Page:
After a month of science experiments, expert talks, performances, turtles hatching, 3D printing, robotic demonstrations, star gazing and stories about space, this years’ World Science Festival Brisbane has officially wrapped up another successful year for Brisbane and visitors.
Hosted by Queensland Museum the festival kicked off on March 1 with the regional program in Gladstone, followed by events in Townsville, Ipswich, Toowoomba, Chinchilla and Brisbane.
Minister for Science and the Arts Leeanne Enoch said the 2019 festival attracted record crowds.
“The World Science Festival Brisbane has recorded more than 205,000 visitations which is the largest number since the festival began in 2016,” she said.
“It’s also wonderful that there were double the number of visitors at some of the regional Queensland events.
“The Queensland Government is proud to see the growing success of this landmark festival across the state.
“The festival is the only one of its kind in the Asia-Pacific region and showcases Queensland as an international destination for scientific ideas.”
Queensland Museum Network CEO Dr Jim Thompson said the growth of the festival is something to be proud of and the number of visitors attending means we are delivering a program that appeals to everyone.
“Queensland Museum continues to be a central hub of the World Science Festival Brisbane welcoming visitors of all ages who were engaged in a variety of talks, performances, activities that featured turtle hatching, marine life, and of course space travel,” Dr Thompson said.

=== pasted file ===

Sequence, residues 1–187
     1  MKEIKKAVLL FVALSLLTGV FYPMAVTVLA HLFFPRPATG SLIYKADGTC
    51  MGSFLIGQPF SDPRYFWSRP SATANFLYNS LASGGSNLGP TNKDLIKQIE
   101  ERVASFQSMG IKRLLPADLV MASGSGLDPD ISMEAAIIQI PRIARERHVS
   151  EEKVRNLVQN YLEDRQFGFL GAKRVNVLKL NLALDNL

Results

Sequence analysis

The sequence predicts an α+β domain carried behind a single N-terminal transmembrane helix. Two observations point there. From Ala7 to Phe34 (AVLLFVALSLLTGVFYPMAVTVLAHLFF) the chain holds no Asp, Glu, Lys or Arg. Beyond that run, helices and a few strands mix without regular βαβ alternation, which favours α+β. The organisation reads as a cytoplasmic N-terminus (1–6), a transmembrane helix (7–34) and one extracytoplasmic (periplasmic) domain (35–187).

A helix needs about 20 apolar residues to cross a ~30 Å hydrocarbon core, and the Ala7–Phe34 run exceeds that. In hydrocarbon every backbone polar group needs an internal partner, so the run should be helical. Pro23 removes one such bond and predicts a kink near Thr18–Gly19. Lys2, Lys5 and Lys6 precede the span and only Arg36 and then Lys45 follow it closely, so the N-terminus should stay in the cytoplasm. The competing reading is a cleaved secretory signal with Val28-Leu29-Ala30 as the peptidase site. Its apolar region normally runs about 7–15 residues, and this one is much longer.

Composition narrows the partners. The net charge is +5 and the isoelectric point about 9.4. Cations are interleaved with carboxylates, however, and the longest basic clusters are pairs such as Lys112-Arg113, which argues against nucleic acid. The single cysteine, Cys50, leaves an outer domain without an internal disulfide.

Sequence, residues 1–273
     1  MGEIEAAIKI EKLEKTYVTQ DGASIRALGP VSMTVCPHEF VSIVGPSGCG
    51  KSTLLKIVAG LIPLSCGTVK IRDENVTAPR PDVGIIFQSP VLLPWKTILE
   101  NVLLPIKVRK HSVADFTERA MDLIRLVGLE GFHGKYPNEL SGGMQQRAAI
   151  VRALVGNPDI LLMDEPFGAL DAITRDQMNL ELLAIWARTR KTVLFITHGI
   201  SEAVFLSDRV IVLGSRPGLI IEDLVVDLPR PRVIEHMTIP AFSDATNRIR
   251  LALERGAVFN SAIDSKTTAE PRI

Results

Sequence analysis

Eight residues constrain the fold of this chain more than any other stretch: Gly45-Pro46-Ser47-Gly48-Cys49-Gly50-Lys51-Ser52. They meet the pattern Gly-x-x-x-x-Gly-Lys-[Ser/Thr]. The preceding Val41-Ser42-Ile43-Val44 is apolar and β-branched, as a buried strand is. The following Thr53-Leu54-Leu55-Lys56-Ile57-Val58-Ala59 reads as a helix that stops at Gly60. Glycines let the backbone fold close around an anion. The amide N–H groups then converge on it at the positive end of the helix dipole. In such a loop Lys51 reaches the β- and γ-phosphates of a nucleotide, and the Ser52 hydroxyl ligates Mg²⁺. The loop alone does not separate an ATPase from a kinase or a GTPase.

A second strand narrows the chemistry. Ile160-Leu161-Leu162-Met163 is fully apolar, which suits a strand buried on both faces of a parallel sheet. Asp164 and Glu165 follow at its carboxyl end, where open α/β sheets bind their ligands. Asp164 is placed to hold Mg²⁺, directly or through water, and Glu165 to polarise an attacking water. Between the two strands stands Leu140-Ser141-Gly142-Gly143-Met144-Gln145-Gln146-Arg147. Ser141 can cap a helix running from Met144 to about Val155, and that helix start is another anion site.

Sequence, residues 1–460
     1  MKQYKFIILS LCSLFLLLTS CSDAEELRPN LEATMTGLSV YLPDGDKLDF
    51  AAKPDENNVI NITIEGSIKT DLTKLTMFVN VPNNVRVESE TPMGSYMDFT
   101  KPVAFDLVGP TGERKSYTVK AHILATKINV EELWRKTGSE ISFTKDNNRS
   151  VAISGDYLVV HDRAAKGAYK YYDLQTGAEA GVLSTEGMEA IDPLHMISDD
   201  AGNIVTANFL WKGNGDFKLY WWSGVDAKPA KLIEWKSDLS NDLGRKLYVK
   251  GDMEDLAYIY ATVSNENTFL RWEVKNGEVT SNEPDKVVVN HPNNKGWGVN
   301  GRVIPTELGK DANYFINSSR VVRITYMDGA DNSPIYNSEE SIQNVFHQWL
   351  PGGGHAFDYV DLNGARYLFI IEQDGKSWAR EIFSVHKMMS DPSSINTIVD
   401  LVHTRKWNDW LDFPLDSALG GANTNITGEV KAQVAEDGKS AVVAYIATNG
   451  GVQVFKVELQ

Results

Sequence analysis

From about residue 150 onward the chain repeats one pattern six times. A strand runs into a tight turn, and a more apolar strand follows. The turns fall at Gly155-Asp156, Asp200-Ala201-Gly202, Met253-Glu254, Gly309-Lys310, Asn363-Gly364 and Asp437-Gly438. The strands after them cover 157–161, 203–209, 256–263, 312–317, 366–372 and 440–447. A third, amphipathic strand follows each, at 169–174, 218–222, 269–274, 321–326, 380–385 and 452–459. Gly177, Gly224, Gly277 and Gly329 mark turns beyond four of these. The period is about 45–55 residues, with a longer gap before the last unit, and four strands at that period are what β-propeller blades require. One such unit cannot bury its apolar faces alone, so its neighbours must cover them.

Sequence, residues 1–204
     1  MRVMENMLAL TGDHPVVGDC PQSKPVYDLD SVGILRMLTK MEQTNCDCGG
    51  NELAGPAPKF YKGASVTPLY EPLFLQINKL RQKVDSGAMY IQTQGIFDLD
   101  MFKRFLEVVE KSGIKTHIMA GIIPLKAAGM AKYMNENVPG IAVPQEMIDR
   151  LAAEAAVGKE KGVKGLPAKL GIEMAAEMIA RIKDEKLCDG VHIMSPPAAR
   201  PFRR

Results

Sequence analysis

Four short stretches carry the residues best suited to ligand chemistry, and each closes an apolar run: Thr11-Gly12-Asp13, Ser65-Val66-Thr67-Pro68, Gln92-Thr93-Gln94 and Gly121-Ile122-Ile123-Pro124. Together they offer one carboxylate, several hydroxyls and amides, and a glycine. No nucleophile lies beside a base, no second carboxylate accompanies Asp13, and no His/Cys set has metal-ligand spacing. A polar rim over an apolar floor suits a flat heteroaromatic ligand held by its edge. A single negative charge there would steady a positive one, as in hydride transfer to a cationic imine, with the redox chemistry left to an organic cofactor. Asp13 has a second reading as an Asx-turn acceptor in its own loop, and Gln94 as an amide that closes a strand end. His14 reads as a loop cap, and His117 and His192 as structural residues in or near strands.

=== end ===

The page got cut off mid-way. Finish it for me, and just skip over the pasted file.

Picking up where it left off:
“We are looking forward to bringing the festival back next year to Brisbane and our regional communities, of Townsville, Ipswich, Toowoomba, Gladstone and Chinchilla to showcase scientific developments and discoveries from around Australia and the world.”
World Science Festival co-founder Professor Brian Greene said coming to Brisbane for the festival is always a highlight and he is blown away by the energy and enthusiasm audiences have for science here.
“We established the World Science Festival to push the boundaries of science and to inspire people across the world to dream up new ideas and get involved in science. Watching this in action over the five days of the festival in Brisbane is incredible and makes me proud of how far we have come,” Professor Greene said.
The festival in Brisbane was held from the 20-24 March and its overall theme of brave new ideas dealt with topics as diverse as ways to tackle immunity through to the discovery of gravitational waves and how to mitigate further damage to the Great Barrier Reef.
It delivered more than 100 events across six locations – Gladstone, Chinchilla, Toowoomba, Ipswich, Brisbane and Townsville – and involved hundreds of festival participants from across the globe.
Visitors to World Science Festival Brisbane was 205,229. Queensland Museum holds the license for the WSFB until 2021.The 2020 dates are yet to be announced.
World Science Festival Brisbane is supported by the Queensland Government and features on Tourism and Events Queensland’s It’s Live! in Queensland events calendar, worth $800m to the state’s economy in 2019. In 2019, for the first-time, it is also a feature of Curiocity – a brand new event for Brisbane showcasing science, innovation and technology.